10 Things to Do to Keep From Getting Bored

” The war between being and nothingness is the underlying illness of the twentieth century. Boredom slays more of existence than war. – Norman Mailer “

I’m not one to get bored, ever … but a number of readers have written in with the question: What do I do if I’m bored out of my skull at work?

It gave me pause, to think about why I can’t recall ever getting that bored at work. And I realized: I always keep myself busy, doing something, whether it’s productive or not.

Sometimes, I’m creating a new project, or improving myself somehow … but sometimes I just find interesting stuff to read online or find a cool solitaire game to play. (Well, I haven’t played any games in awhile, but Freecell used to be my poison of choice a few years ago.)

So the short answer: just find things to entertain yourself. Keep your mind busy. Challenge yourself. Talk to somebody. Break out of your mold.

The longer answer has to do with analyzing why you’re bored in the first place. Is your job that boring? Are you really doing what you want to be doing? Is there a way to start pursuing something better? Or are you already in a great job, but something or someone is holding you back? And what can you do to improve the situation?

I’m not going to pursue the longer answer in this post, but give you some ideas for the shorter answer. It’s not an exhaustive list of ideas. Just some things I’ve done to keep my mind busy — pick and choose those that might work for you.

    1. Create a new challenge. I think this is by far the best thing on the list, but you may differ. Many times we’re bored because we don’t have a challenge — things are too easy or routine. So instead of waiting for someone to create a challenge for you, do it yourself. How can you challenge yourself? Set a new goal at work. Challenge yourself to produce more than ever. Explore new projects. Set personal goals and pursue them. Whatever excites you.
    2. Pursue your next job. If your job is so boring you don’t know what to do with yourself, you may need to move on. But instead of quitting right away, start lining up your next gig first. Look around for openings, call people, update your resume and submit it to a few places, pick up a few applications, send out some email feelers. Find something that will never get you bored, something you’ll be passionate about.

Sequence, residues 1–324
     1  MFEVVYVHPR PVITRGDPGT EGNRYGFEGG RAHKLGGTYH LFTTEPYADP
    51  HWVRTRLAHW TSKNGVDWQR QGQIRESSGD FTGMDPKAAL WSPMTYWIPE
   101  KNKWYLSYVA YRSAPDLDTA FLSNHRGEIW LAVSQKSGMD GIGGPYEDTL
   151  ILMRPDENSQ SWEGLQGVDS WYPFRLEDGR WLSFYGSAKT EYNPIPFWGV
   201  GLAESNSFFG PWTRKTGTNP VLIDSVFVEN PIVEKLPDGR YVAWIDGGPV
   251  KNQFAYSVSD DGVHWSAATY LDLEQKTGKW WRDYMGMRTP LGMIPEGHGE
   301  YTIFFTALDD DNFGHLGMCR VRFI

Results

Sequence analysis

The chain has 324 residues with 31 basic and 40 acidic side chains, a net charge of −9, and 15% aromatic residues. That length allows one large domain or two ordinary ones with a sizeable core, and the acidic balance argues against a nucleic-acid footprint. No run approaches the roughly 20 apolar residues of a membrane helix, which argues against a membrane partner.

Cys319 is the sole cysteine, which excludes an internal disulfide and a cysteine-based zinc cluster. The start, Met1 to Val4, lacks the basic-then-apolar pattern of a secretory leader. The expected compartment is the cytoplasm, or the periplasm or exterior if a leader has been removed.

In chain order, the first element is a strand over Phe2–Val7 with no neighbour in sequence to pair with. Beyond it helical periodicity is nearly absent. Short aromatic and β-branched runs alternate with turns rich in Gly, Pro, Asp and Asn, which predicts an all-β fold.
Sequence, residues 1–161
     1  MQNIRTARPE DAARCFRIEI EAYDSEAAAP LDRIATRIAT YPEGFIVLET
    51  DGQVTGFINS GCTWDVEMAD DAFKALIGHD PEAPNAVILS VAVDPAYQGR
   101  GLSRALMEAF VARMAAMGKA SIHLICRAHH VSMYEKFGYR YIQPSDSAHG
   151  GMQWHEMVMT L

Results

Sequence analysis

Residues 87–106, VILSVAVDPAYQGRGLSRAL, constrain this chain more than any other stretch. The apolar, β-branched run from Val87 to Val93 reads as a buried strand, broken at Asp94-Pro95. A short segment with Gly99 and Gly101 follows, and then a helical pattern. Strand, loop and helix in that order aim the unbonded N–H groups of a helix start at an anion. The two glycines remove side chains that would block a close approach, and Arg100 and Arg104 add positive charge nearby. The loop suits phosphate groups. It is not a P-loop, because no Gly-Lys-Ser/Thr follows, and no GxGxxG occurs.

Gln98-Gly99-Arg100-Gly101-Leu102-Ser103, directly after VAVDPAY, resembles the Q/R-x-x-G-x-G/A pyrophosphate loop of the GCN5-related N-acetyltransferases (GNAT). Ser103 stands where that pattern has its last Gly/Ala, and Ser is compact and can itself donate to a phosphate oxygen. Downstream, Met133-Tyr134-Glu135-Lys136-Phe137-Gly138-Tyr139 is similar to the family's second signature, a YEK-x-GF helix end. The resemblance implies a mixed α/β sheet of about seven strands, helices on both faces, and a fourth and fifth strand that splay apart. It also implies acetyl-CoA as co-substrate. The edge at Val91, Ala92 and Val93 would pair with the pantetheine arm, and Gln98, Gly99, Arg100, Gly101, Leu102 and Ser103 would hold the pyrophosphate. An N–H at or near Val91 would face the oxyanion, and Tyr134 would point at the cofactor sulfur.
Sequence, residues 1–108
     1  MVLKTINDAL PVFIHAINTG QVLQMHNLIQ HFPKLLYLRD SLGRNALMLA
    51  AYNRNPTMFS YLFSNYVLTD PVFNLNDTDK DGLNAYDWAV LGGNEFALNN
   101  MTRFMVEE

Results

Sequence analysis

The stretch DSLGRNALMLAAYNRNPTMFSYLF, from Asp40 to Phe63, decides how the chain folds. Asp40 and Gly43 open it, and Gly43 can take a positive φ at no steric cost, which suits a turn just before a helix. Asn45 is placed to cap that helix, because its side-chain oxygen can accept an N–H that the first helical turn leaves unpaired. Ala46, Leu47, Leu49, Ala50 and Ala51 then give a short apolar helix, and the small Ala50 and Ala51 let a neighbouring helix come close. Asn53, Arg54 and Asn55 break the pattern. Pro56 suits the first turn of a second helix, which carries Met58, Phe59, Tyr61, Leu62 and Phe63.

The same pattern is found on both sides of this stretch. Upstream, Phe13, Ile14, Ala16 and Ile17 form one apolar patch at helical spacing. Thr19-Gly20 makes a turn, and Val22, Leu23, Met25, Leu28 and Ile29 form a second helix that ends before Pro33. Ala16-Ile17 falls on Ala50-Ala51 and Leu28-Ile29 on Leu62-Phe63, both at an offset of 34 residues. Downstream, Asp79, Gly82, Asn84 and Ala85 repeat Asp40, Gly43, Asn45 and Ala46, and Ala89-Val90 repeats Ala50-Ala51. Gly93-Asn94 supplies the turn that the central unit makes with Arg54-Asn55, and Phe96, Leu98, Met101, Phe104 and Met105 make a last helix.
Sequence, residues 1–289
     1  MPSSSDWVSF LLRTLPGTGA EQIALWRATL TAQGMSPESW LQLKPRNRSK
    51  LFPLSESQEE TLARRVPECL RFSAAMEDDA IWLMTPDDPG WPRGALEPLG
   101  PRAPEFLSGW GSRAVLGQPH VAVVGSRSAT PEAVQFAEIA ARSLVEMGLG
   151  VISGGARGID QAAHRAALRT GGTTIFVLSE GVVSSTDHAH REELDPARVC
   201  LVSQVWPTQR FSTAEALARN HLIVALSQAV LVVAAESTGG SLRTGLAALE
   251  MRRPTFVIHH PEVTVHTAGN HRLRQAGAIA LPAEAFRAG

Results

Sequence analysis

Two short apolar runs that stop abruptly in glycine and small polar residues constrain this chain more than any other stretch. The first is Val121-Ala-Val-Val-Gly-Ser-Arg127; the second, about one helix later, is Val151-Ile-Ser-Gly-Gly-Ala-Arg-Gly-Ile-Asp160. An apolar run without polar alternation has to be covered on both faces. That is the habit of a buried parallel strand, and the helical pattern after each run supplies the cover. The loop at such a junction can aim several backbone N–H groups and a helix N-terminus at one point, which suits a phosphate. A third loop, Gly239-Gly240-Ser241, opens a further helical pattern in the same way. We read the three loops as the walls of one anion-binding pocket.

3. List your life goals. What is it you want to accomplish in life? Not just with work, but personally? If you’ve listed them before, it’s always good to update them. Then choose one of those goals to achieve this year. Now think about what you can do today to move closer to that goal, even if it’s just a small thing. Get the ball rolling. Do this every day — move yourself closer to that goal.
    4. Read Zen Habits. Or whatever your favorite distraction is. If it’s something that will improve your life, even better. Just limit how long you read at one time, so you’re not reading through the Zen Habits archives in one sitting.
    5. Declutter your workspace. If I’ve got nothing better to do, I’ll clear off my desk (if there’s anything there), or start looking around critically at everything in view and asking myself, “Does that really need to be there? How can I simplify this?” Weird, I know, but I have an oddly uncluttered workspace. Right now my desk is a table, my iMac, an nothing else. No files, no papers, no office supplies, nothing. Everything is done on my computer, and I love it that way. Nothing on my walls. You may not need anything as spartan as that, but decluttering can be a lot of fun.
    6. Pursue a hobby. My hobby (until it became a profession) was blogging … I would do it at work in my spare time, or before or after work. Not everyone can pursue their hobby at work — the model airplane glue might bother your coworkers, for example — but sometimes you can just read about it while at work. I was upfront about my blogging and freelancing at work with my boss, btw, but many people get away with doing it on the sly. I won’t make a recommendation, but just don’t get fired.
    7. Make your work a game. You can make a game out of anything. See how many widgets you can crank in 10 minutes. Pretend that your coworkers are evil villains. Imagine that you are a CIA agent in disguise, and no one knows. Or a fairy princess. Whatever floats your boat. 🙂
    8. Educate yourself. On Guam, this is called “edumacation” — it’s not a real word, but we like to play with English. Whatever you call it, you can improve your knowledge online in any area — whether that be work-related or not. Be your own college instructor. Wikipedia is a great place to start, but if you’re going to have a specialized knowledge in anything, branch out from there.
    9. Improve your skills. Along the same lines: choose a skill that needs sharpening, and challenge yourself to get better at it. Whether that’s computer programming, writing, working with Adobe InDesign, or whatever. Perfect your skills — you can use it to further your career, get a new job, or become self-employed. Or just have the satisfaction of knowing you’re the best you can be at that skill.
    10. Play Sudoku. Perhaps not the most intellectual game of all time, or the most exciting … but I still find it a lot of fun. I only played it a little while and didn’t get addicted like other people I know, but I have to admit it’s a fun way to pass the time.

” The cure for boredom is curiosity. There is no cure for curiosity. – Dorothy Parker “



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